Health experts from the Organization for Economic Cooperation and Development have expressed alarm at new figures that show obesity in the 33-nation body is on the rise.
Waistlines are expanding in many developed countries, the OECD says
Obesity levels have reached endemic proportions in many industrialized nations, according to a new report by the Organization for Economic Cooperation and Development (OECD) released Thursday.
The body said that extreme overweight was fast becoming the prevalent public health problem in many of its 33 member states.
"If recent trends continue, projections suggest that more than 2 out of 3 people will be overweight or obese in at least some OECD countries within the next 10 years," the OECD said in the study "Obesity and the Economics of Prevention".
The report said that, in Germany, around 60 percent of men and 45 percent of women carried too much weight. It added that one in six Germans fell into the category of morbid obesity.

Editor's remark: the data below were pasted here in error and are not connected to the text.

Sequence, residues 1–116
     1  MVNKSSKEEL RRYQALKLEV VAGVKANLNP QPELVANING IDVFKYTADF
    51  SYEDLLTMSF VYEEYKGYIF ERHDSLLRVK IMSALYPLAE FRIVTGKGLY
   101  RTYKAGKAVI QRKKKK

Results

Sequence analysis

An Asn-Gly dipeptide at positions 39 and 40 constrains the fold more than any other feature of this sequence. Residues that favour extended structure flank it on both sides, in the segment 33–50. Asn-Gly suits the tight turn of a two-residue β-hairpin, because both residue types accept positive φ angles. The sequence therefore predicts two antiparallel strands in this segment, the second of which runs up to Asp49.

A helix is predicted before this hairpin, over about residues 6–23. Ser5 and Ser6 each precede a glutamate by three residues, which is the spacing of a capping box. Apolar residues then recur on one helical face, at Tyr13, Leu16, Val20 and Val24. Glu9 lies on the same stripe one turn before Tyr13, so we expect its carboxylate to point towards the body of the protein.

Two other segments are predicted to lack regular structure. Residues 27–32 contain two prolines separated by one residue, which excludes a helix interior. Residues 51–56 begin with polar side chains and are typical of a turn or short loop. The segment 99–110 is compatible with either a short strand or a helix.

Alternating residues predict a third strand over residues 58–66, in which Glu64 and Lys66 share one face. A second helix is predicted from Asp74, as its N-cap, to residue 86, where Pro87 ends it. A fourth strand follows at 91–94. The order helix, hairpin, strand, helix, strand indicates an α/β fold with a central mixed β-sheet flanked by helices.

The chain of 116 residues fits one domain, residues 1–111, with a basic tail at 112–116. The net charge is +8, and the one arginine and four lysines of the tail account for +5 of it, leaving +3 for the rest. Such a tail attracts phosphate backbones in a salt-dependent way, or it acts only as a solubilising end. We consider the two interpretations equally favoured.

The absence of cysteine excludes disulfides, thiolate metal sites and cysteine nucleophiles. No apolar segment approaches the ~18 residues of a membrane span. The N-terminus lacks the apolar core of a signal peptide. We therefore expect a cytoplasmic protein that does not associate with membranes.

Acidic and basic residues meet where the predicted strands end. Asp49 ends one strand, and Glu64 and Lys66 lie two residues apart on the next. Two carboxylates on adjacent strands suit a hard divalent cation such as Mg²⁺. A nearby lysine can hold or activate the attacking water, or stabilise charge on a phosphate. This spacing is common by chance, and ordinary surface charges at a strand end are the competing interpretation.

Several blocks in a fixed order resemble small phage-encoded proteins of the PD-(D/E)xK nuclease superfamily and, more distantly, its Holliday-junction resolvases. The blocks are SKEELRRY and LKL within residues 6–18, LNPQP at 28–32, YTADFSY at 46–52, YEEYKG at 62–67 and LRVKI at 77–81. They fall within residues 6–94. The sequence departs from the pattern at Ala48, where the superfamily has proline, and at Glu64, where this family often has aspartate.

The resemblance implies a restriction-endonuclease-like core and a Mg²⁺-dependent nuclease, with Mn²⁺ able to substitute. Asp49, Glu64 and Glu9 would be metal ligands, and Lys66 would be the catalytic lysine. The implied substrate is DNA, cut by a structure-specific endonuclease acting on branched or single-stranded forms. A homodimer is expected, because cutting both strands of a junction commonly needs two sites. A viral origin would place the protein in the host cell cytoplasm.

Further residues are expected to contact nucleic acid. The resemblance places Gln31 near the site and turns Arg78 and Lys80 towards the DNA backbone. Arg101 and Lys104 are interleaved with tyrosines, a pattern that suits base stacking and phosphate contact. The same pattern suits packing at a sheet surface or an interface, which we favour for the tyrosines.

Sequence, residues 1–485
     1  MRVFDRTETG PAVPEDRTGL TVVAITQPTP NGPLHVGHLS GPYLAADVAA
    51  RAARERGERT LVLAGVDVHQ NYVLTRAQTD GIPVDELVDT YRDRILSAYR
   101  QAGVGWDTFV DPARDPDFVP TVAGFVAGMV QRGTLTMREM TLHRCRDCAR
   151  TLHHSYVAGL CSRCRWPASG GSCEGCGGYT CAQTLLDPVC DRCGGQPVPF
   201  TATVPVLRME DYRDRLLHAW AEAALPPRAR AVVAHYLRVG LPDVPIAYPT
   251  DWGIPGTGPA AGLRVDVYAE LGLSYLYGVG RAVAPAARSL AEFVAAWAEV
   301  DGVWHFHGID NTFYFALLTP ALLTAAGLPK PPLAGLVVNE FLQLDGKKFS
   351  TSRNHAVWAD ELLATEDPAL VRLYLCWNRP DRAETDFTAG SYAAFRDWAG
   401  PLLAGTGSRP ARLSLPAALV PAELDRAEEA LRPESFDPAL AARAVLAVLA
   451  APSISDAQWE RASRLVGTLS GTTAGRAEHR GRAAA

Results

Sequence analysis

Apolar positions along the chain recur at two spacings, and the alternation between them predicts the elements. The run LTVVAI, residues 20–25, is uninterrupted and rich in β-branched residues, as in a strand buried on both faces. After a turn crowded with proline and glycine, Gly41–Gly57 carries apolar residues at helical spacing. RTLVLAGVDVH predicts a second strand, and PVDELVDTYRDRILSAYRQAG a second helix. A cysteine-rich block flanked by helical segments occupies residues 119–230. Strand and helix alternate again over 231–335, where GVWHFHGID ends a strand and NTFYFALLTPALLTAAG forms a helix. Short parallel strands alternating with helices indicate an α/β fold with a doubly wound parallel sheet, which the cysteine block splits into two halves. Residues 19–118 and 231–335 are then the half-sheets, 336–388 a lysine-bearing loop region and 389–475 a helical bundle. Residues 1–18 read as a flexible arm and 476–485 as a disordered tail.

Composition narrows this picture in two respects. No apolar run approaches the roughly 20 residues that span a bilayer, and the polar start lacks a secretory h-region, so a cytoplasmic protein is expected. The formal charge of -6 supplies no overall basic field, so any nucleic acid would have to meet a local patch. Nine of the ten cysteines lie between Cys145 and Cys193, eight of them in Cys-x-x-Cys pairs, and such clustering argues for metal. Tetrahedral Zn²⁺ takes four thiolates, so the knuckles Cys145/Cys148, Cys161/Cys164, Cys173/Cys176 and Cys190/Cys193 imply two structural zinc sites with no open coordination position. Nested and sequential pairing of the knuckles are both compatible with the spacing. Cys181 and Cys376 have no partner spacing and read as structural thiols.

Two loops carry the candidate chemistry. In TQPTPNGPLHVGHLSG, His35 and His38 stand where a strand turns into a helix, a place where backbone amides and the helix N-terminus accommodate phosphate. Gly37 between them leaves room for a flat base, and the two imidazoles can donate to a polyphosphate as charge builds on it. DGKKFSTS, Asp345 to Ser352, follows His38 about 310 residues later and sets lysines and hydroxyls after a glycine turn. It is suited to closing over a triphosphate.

In Europe, Germany was bested only by the United Kingdom, Spain and Greece in terms of weight problems. Worldwide frontrunners in the OECD obesity report were the United States and Mexico, where nearly 75 percent of women and around 66 percent of men were overweight.
Bad eating habits are a major reason behind the obesity problem
The report's authors noted that increasing weight among young people in OECD countries was another alarming development, adding that too much weight was hanging from the hips of every third child in the bloc.
They said that weight problems could be simply combated through better consultation with family doctors and an improved understanding of nutrition.
A person is regarded as obese when their body mass index (BMI) - a measure of body fat based on height and weight - is above 30. A person of normal weight should have a BMI of between 18.5 and 25.
The OECD paper said the reasons for the obesity surge included a reduction in the price of calories, altered living and working conditions that have reduced the amount of daily physical activity, increased stress levels and longer working hours.
Author: Darren Mara (dpa/AP)
Editor: Susan Houlton